Whose but his own? Ingrate, he had of me
All he could have; I made him just and right,

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- Sufficient to have stood, though free to fall.

Such I created all the ethereal powers
And spirits, both them who stood and them who fail'd ;
Freely they stood who stood, and fell who fell.
Not free, what proof could they have given sincere
Of true allegiance, constant faith or love,
Where only what they needs must do appear'd,
Not what they would ? what praise could they receive?
What pleasure I from such obedience paid,
When will and reason (reason also is choice)

Useless and vain, of freedoin both despoil'd,
Made passive both, had served necessity,
Not me? They therefore as to right belong'd,
So were created, nor can justly accuse
Their Maker, or their making, or their fate,
As if predestination overruled
Their will, disposed by absolute decree
Or high foreknowledge; they themselves decreed
Their own revolt, not I: if I foreknew,
Foreknowledge had no influence on their fault,
Which had no less proved certain unforeknown. 119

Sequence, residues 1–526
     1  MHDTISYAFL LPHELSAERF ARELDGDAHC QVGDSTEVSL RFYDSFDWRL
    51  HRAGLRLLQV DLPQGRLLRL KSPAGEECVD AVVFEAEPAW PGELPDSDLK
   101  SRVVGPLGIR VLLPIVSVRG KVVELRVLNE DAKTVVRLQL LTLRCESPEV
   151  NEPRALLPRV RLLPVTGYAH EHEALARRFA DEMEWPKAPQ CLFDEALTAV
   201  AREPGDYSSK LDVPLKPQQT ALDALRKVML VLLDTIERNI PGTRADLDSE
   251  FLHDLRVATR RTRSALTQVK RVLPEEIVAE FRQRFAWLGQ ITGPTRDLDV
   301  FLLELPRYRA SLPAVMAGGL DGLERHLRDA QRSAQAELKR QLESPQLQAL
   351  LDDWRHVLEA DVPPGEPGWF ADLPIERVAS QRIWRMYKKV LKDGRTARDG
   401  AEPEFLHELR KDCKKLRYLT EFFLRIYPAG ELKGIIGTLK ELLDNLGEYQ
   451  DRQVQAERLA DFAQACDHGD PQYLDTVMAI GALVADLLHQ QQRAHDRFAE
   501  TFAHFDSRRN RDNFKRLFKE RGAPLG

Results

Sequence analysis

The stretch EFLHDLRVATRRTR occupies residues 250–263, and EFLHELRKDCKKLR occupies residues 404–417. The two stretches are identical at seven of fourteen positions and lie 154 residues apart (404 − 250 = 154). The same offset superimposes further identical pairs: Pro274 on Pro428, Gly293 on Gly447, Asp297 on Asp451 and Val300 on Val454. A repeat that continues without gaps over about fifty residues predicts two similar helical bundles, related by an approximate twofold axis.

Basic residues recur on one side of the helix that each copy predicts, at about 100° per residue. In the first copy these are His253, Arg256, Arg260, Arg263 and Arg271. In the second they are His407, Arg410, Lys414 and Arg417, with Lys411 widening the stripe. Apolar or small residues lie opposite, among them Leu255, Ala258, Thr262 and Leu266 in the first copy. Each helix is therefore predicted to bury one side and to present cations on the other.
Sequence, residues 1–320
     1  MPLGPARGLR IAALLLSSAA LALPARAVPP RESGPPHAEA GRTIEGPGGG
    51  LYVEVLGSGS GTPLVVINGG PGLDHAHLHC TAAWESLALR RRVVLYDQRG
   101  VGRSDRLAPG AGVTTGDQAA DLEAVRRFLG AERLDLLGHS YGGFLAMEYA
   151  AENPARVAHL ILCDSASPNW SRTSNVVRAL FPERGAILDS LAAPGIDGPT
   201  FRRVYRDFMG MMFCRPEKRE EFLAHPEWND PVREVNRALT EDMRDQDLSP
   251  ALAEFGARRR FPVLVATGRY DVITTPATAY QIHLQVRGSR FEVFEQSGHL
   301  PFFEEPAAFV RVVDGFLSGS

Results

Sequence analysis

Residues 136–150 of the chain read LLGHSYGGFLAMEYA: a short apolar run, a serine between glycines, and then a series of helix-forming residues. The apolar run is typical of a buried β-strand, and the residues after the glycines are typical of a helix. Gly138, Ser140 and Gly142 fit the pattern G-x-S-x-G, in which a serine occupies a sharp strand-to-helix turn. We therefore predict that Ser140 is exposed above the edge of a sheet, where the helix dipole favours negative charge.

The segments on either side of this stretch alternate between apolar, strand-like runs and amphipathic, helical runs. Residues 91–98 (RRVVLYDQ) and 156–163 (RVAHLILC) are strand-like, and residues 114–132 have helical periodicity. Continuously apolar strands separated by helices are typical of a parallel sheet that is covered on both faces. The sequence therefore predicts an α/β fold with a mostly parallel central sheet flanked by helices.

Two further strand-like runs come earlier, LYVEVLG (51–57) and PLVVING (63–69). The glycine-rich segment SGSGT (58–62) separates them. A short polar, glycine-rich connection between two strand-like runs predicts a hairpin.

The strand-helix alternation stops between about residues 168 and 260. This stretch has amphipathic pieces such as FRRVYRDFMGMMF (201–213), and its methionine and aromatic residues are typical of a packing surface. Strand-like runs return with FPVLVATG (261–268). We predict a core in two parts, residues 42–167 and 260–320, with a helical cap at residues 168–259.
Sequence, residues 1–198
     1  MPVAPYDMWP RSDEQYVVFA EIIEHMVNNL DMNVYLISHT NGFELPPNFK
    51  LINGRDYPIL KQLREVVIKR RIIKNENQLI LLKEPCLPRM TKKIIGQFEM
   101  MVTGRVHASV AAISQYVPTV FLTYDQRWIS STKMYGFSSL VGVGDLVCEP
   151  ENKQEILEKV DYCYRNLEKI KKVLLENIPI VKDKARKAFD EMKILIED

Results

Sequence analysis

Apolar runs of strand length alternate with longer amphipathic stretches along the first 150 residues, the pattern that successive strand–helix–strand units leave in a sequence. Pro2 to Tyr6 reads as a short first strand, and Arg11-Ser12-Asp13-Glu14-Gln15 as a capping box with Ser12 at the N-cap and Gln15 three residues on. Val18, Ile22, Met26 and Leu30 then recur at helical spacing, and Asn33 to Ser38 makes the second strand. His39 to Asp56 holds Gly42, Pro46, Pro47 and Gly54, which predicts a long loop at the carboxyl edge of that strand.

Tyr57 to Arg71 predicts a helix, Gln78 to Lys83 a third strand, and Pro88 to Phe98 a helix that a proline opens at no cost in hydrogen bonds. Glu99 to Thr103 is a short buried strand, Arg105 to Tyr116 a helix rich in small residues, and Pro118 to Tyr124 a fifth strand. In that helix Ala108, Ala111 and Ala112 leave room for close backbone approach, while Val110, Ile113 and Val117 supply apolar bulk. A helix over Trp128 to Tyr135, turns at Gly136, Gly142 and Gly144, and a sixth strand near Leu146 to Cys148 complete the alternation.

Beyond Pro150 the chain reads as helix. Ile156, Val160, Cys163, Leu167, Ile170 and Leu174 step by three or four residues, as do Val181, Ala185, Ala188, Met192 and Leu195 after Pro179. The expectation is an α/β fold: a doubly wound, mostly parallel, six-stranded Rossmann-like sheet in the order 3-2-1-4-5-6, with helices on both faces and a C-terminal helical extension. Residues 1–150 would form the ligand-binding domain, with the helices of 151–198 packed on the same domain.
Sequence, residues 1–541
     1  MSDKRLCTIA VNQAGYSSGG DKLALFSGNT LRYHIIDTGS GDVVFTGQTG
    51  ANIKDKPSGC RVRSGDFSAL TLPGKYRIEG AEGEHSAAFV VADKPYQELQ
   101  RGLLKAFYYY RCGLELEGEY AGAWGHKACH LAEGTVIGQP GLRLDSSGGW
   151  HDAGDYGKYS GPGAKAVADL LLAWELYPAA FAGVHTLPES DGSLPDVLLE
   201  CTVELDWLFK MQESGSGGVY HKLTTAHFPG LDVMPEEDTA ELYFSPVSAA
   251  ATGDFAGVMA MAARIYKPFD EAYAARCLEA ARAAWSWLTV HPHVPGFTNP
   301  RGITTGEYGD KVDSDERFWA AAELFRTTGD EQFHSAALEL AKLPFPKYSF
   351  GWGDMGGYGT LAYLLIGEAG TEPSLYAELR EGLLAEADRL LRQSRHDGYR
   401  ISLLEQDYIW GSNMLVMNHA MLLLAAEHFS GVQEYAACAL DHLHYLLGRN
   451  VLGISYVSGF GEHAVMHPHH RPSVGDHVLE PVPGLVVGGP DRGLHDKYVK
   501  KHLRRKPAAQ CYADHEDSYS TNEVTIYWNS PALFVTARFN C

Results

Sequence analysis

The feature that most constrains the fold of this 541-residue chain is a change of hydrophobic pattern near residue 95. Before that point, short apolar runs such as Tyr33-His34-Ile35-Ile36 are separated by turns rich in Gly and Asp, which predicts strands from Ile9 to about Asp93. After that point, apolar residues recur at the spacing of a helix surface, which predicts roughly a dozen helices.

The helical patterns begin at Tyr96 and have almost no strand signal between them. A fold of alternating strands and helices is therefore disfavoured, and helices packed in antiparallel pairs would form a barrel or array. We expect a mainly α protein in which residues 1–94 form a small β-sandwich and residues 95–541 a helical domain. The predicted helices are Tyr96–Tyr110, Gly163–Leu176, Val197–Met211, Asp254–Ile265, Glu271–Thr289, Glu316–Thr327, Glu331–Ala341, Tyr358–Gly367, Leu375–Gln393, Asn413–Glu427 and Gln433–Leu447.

So without least impulse or shadow of fate,
Or aught by me immutably foreseen,
They trespass, authors to themselves in all
Both what they judge and what they choose ; for so
I form’d them free, and free they must remain,
Till they inthrall themselves; I else must change
Their nature, and revoke the high decree
Unchangeable, eternal, which ordain'd
Their freedom; they themselves ordain'd their fall.
The first sort by their own suggestion fell,
Self-tempted, self-depraved: man falls, deceived 130
By the other first; man therefore shall find grace,
The other none. In mercy and justice both,
Through Ileaven and earth, so shall my glory excel,
But mercy first and last shall brightest shine.”

Thus while God spake, ambrosial fragrance fill'd
All Heaven, and in the blessed spirits elect
Sense of new joy ineffable diffused:
Beyond compare the Son of God was seen
Most glorious; in him all his Father shone